But new cases can temporarily stop the renewed visitation.
One example is Fox Ridge Luxury Senior Living, which has halted visitation at all three of its locations in central Arkansas because of positive covid-19 cases, Rodney Thomason, chief executive officer of Medical Assets Holding Co., said Monday.
"We are following state guidelines and shutting down the facilities for 28 days when we get a positive case," Thomason said.
He said a resident at the Chenal location tested positive Friday.
According to a Health Department report, the center's Bryant location has had two residents and one employee test positive, while the Chenal center has had one resident and three employees test positive since the pandemic began. The company's North Little Rock center is not showing any covid-19 cases.
There have been no covid-19 deaths at any of the three centers, according to the Health Department report.
"It's usually when a resident has gone out to a doctor's appointment or to the hospital that we've gotten a case," Thomason said. "We isolate them every time someone comes back to the facility after going out. We're strict about following policy and procedure for preventing an outbreak. We take the employees' temperatures and ask them the same questions every day."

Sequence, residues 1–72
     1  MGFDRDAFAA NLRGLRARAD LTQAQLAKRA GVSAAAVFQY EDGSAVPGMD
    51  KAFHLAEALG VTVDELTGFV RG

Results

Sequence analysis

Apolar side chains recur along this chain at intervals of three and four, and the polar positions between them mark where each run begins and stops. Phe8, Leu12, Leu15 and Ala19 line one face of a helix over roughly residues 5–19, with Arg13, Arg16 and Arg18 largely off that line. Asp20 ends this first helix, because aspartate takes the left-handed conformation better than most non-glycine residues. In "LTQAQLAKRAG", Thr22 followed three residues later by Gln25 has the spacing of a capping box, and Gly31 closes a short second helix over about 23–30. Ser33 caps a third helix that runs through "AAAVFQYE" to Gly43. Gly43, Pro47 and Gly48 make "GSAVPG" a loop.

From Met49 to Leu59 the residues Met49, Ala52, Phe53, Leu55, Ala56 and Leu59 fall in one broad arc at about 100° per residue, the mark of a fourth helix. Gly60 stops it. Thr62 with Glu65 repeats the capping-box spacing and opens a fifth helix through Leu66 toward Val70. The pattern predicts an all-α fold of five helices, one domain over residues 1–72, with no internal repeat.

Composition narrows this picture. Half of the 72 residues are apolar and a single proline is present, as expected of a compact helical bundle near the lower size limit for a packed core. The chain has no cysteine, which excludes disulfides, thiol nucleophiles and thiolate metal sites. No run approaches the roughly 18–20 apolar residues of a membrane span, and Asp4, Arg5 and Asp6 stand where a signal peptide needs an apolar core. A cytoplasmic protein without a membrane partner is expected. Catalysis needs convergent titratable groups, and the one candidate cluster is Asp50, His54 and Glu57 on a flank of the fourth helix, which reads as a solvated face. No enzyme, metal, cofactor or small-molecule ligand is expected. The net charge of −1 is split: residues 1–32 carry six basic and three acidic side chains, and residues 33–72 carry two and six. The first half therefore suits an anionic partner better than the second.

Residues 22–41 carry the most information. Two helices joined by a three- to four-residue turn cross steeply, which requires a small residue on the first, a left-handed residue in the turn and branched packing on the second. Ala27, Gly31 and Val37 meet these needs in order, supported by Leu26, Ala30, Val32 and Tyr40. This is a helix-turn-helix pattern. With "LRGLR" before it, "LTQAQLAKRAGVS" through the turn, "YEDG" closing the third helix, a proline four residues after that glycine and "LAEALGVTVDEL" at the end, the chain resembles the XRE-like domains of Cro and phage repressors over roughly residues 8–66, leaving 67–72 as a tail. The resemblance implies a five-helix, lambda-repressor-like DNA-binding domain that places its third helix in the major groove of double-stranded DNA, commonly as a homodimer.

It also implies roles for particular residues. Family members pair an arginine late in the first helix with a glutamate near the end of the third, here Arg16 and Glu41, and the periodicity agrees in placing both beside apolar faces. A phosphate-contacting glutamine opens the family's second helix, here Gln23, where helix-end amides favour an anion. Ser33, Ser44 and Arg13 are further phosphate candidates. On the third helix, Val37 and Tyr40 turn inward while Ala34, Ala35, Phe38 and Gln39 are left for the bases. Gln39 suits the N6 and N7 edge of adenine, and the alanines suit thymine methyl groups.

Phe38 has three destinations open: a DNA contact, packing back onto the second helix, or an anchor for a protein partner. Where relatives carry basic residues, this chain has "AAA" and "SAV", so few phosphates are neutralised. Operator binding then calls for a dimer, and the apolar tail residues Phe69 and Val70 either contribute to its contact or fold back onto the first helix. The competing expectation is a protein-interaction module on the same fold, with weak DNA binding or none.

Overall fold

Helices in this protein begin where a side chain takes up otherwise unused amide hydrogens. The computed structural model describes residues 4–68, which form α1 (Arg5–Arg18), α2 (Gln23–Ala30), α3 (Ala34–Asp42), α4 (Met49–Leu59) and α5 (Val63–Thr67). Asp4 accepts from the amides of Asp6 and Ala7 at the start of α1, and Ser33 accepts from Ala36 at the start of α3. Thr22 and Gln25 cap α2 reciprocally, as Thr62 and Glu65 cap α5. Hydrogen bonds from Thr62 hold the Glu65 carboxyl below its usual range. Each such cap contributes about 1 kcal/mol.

Since the pandemic began in March, the long-term care industry has seen 1,320 nursing home and assisted-living facility residents, as well as 928 health care workers, test positive for covid-19, according to a Health Department report.
Of that number, 159 residents and one health care worker have died from the virus.
ROMERO URGES FLU SHOTS
Romero also took the opportunity Monday to urge Arkansans to get their annual flu shots, which are made available around this time of year.
"We don't know what the confluence of influenza infection and covid will be," Romero said. "We know there is a press on our emergency rooms during influenza season, and one way to decompress that is to try to get people immunized."
Experts expect a record number of people to get immunized for flu this season, with manufacturers preparing as many as 198 million doses, according to the U.S. Centers for Disease Control and Prevention.